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Economy in Brief

EMU IP Falls Again in July and Barely Gains Year-on-Year
by Robert Brusca  September 12, 2018

Industrial production trends show output slowing across all three sectors in the chart of 12-month rates of growth. Sequential growth rates from 12-months and less (table) do not show a steady deceleration but do show a legacy of weakness.

12-month trends
Over 12-months total IP less construction is up by a skinning 0.1%. All consumer categories of output show declines over 12-months. There is a 0.2% rises in the output of intermediate goods over 12-months. Capital goods carry the brunt of the load for growth with output up by 1.5% over 12-months.

Inside 12-months: devils and angels
Over six months there are declines in all sectors of IP. The deepest decline is the 4.7% annual rate from for durable consumer goods output followed by the 4.5% drop for capital goods hot on its heels. Over three-months overall IP is lower and manufacturing IP is lower in both cases dragged down by the 1.5% decline in capital goods output. Ironically capital goods is the sector holding output up over 12-months but it is also the sector driving output to contact over three-months.

The circumstances of nation-members
Country level data show output declines in July for 5 of the 10 EMU countries in the table plus declines in two of three other reporting countries (UK and Sweden log declines while Norway posts a gain). There were also five out of ten EMU member IP-reporting countries with output declines in June but only two in May. Output clearly has been in an irregular patch. Over three months output is falling in six-member countries, over six-months it is falling in eight of ten of them. Over 12-months output falls in four of ten EMU reporters.

As between large and small counties in EMU France shows no IP declines over 12-months 6-months or three-months. Spain has a decline on only one of those horizons (6-months); Germany has declines over three-months and six months while Italy logs declines on all the horizons.

Quarter-to-date
A quarter to date basis (...a calculation that is now very early since it applies to the July level of output compounded as a growth rate over the Q2 average) reveals declines across the board for all sectors of output with headline output falling at a 4.6% annualized rate. Consumer goods show the greatest weakness on this period with capital goods (at -1.5%) the least weak sector. Looking at country level data there are declines in 6 of 10 EMU reporters in the table. Tiny Malta and Ireland show double digit declines while Germany, the largest EMU economy shows a 9% rate of decline, impressively weak for a large economy. Italy shows a drop at 6.9% annual rate while both Spain and France log solid increases on the period. Greece and Portugal show the strongest gains among the group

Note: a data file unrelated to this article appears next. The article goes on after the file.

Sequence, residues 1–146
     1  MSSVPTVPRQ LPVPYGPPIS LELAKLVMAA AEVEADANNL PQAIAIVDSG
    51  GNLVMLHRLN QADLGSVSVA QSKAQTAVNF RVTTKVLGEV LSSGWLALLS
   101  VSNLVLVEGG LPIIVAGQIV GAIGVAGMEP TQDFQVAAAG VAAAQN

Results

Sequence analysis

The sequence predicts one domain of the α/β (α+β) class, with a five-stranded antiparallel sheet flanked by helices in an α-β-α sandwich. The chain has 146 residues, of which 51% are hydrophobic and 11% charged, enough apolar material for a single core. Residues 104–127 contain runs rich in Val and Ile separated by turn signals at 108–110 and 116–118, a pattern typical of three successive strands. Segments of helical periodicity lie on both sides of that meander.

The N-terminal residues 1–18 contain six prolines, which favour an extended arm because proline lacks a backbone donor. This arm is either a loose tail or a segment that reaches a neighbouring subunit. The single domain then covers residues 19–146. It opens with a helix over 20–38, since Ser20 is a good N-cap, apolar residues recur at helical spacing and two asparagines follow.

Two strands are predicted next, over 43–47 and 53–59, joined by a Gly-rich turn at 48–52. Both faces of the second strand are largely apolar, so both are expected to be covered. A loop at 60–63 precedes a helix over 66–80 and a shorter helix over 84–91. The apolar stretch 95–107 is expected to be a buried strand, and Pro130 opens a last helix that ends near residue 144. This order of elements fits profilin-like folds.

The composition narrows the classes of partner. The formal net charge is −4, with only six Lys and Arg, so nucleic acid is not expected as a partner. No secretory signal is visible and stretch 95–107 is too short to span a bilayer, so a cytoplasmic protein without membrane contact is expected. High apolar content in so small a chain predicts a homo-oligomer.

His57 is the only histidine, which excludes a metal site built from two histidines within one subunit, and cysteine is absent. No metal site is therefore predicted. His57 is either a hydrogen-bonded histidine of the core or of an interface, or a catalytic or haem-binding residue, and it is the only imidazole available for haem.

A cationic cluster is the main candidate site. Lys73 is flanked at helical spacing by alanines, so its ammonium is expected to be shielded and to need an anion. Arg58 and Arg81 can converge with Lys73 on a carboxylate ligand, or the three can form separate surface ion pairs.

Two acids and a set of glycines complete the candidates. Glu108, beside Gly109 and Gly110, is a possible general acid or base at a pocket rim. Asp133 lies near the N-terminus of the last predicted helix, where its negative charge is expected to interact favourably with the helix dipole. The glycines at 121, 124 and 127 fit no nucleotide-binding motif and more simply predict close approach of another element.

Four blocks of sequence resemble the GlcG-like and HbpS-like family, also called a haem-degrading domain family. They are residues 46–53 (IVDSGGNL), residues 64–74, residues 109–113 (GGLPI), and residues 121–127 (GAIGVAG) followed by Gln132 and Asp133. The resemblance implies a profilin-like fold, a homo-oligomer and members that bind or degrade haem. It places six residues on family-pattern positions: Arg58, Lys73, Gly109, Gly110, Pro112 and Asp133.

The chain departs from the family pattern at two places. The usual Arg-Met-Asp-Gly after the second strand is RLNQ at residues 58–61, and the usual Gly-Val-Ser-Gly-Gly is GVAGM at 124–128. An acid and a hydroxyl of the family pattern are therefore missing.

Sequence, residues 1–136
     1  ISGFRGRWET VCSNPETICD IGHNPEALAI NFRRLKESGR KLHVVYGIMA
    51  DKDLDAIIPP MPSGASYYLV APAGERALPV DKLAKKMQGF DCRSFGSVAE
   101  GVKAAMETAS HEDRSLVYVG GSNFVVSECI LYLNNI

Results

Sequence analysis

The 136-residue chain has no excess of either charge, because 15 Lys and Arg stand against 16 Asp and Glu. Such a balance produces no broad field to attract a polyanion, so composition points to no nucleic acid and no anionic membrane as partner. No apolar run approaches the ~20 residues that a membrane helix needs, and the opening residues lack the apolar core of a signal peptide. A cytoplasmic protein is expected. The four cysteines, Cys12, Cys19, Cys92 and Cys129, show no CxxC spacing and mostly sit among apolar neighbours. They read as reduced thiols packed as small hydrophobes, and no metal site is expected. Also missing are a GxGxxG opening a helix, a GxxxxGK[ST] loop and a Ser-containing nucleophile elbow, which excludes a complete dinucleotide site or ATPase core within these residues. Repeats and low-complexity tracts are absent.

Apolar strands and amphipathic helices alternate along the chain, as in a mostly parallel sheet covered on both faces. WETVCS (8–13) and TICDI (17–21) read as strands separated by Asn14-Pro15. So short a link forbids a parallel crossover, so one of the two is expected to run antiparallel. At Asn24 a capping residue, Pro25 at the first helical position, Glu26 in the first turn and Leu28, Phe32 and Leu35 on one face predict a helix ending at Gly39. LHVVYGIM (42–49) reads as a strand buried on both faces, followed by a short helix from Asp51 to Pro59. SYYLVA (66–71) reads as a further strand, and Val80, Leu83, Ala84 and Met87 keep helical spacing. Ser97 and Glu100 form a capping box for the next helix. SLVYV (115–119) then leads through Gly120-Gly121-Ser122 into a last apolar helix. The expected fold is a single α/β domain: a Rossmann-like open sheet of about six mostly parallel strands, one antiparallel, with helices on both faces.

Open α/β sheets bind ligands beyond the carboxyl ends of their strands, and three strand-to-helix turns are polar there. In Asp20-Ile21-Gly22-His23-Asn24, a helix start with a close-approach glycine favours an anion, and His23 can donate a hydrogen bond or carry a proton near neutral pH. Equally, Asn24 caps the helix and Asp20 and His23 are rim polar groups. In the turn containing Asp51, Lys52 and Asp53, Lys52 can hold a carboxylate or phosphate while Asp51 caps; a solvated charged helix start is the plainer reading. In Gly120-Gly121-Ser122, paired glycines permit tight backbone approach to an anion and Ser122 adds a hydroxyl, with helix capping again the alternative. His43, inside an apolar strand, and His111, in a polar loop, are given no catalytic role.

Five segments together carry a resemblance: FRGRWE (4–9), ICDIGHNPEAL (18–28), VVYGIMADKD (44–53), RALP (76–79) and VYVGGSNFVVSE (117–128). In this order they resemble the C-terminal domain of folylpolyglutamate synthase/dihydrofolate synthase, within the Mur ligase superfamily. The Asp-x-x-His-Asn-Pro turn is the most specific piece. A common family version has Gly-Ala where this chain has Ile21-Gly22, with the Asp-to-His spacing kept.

Summing up IP
On balance the IP data echo what we have been seeing in other recent reports and surveys on the European economy. Yesterday’s Zew survey showed a brighter assessment of current conditions than what output trends seem to paint here today. Zew showed a lot of concern for the outlook and at some point concerns about the future can and will affect the present.

Global conditions
Mark Carney’s term at the BOE has been extend by eight months. Today he warned about the importance of the Chinese economy for global growth. China issued statistics showing than loan growth there had fallen. Some estimates are showing the potential for a sizeable hit to China’s GDP growth if the next round of tariffs from the US goes into effect. Chair of the Supervisory Board of the European Central Bank Daniele Nouy said today that the global financial system is in much better shape today to face another crisis when it occurs. Should these sorts of comments ‘reassure us’ or should we run for the hills? After all did your Mommy hold your hand and tell you everything was OK in the middle of a lightning and thunder storm or did she do it on a bright sunny day? Just wondering…

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